Study examines multigrade fluids for forestry equipment

Study examines multigrade fluids for forestry equipment

A long-term study conducted on Canadian forestry equipment yields some answers on monograde vs. multigrade hydraulic fluids.

Balancing performance and cost is a challenge when selecting any product, including hydraulic fluid. Identifying low price is simple, but other questions can be complex:
Will the fluid meet the application's performance guidelines?
Will it work at the temperature extremes the system might see?
Will it minimize maintenance costs?

How can designers find meaningful answers to these questions? A good starting point is determining proper fluid viscosity — a critical factor in hydraulic system performance. The fluid must transmit power and lubricate moving parts over the system's entire operating temperature range. The fluid must be thin enough to flow at cold start-up temperatures, and thick enough to maintain a protective lubricating film in the pump at peak operating temperatures. A system operating with fluid that is too thick or too thin will experience sluggish response — or failure.

A long-term study was conducted on Canadian forestry equipment to compare the performance of monograde (seasonal) and multigrade (year-round) hydraulic fluids.1 This environment and application offer a challenging mixture of ambient and operating temperatures where proper viscosity is critical for minimizing downtime and maximizing profitability.

Monograde vs. multigrade

Monograde fluids typically are the low cost option. They are a good choice for indoor operations, or systems where mild operating conditions produce only small variations in fluid temperature. Narrow temperature operating windows are desirable, as fluid viscosity will change very little and the system can operate very efficiently.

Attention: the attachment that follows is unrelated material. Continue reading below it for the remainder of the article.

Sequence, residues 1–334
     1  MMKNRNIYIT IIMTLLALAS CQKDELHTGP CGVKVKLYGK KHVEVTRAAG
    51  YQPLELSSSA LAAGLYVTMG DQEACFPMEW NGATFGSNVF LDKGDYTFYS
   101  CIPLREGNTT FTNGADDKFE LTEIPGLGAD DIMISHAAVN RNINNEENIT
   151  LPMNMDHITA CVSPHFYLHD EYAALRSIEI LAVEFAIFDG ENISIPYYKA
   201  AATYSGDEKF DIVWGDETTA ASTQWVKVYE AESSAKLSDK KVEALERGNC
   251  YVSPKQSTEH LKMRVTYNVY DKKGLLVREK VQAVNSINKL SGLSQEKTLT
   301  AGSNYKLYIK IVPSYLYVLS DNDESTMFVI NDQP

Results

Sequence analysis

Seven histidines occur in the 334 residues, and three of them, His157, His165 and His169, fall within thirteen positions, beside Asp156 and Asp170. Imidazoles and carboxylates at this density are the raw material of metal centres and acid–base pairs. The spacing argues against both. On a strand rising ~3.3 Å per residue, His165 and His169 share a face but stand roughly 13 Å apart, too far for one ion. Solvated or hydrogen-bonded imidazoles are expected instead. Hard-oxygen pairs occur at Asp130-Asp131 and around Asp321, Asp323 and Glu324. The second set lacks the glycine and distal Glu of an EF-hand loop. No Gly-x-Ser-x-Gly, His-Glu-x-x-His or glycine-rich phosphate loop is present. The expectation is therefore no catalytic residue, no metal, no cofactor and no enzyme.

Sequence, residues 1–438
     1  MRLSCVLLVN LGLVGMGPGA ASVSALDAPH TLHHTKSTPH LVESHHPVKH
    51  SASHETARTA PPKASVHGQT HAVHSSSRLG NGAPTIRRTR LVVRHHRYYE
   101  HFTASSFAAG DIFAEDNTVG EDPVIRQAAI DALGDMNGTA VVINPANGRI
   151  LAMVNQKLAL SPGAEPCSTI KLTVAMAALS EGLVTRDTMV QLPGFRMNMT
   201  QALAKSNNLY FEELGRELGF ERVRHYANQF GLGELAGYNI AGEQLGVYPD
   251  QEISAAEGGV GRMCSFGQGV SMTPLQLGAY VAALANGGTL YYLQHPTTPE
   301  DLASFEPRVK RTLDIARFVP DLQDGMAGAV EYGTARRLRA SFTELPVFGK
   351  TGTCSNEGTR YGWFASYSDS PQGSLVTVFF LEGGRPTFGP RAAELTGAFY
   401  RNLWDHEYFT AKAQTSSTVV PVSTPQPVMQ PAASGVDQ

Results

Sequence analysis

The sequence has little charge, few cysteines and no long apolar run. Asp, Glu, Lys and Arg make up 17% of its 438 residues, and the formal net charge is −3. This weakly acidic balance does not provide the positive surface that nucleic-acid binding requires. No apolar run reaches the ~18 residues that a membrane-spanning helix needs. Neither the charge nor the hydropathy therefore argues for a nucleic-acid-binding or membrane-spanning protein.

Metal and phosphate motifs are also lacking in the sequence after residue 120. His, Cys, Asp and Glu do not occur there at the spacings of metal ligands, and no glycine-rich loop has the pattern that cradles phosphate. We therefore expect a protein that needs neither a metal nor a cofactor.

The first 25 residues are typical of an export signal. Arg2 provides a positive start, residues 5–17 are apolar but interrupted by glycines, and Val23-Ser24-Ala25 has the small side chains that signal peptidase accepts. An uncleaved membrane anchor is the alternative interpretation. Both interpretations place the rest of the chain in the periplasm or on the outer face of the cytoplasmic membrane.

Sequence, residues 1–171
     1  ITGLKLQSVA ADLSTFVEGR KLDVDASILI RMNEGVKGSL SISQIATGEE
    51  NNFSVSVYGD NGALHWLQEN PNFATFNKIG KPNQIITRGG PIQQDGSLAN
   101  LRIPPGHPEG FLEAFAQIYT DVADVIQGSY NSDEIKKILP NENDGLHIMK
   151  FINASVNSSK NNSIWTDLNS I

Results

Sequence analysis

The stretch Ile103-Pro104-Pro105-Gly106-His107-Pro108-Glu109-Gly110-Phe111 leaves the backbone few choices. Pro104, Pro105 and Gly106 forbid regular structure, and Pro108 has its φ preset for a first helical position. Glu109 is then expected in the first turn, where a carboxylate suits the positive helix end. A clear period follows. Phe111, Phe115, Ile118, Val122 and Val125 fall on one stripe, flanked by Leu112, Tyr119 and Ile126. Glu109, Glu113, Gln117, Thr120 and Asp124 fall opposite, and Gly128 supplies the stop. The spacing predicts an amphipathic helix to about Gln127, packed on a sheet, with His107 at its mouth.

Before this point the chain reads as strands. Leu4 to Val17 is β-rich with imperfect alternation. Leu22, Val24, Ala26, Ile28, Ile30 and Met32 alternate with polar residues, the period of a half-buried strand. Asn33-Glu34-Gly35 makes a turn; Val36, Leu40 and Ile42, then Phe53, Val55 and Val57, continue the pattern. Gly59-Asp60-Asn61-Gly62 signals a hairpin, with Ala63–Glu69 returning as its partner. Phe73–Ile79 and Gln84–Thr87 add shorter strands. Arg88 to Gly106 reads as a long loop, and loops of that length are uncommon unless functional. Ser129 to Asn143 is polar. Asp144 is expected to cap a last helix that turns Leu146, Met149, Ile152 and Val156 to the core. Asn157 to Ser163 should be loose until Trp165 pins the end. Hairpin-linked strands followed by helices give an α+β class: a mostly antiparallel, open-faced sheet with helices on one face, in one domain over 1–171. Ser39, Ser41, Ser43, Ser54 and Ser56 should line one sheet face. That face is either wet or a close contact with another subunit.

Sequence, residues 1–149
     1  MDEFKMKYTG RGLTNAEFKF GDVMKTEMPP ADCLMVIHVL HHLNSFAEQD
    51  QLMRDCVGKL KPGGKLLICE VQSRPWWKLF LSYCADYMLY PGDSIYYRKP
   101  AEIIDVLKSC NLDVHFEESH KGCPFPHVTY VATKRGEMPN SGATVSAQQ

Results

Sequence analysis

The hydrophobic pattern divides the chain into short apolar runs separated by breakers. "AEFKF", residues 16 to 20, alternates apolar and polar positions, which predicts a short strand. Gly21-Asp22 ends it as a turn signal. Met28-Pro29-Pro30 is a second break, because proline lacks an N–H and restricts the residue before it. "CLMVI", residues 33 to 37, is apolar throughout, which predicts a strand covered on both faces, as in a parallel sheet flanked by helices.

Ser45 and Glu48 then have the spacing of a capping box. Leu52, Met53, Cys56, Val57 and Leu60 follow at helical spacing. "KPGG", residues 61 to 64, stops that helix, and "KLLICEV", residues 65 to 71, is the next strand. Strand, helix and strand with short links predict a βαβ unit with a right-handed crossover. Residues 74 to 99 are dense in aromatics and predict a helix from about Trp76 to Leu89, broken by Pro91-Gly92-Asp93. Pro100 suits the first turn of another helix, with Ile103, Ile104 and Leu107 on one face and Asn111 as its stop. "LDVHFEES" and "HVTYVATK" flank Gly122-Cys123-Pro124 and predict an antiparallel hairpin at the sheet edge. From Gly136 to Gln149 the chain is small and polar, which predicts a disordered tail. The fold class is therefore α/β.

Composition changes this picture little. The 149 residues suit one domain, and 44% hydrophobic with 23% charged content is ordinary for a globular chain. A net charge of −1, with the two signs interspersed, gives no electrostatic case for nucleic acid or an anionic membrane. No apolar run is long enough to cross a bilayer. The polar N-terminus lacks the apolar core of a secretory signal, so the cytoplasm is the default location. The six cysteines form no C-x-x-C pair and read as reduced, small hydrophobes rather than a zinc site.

Multigrade fluids tend to be slightly higher in cost, but can offer savings when maintenance and disposal costs are considered. Multigrade fluids have a much wider temperature operating window (TOW), which is often required in outdoor operations or in hard-working systems where the fluid absorbs and holds heat.

A typical hydraulic pump converts about 20% of its input horsepower into heat;2 therefore, most fluids run at elevated temperatures. There are many system design factors that determine if the fluid can properly get rid of heat to maintain optimum viscosity, with other factors such as air release, foaming, water absorption, and filtration playing a role. A good system is designed with these considerations in mind, but aggressive field conditions can sometimes compromise a good design. High or low ambient air temperatures present a tough challenge, as well as demanding workloads that stress system design capabilities.

In the study conducted by the Forest Engineering Research Institute of Canada (FERIC) over year-round operations in Kapuskasing, Ont.,3 interviews with area contractors indicated that there was no problem in selecting a fluid to meet OEM guidelines, but it was unclear if these fluids were truly optimum, considering local operating conditions and maintenance practices. A variety of equipment from a number of major suppliers was monitored, including: harvesters, delimbers, graders, forwarders, cleaning machines, and feller-bunchers.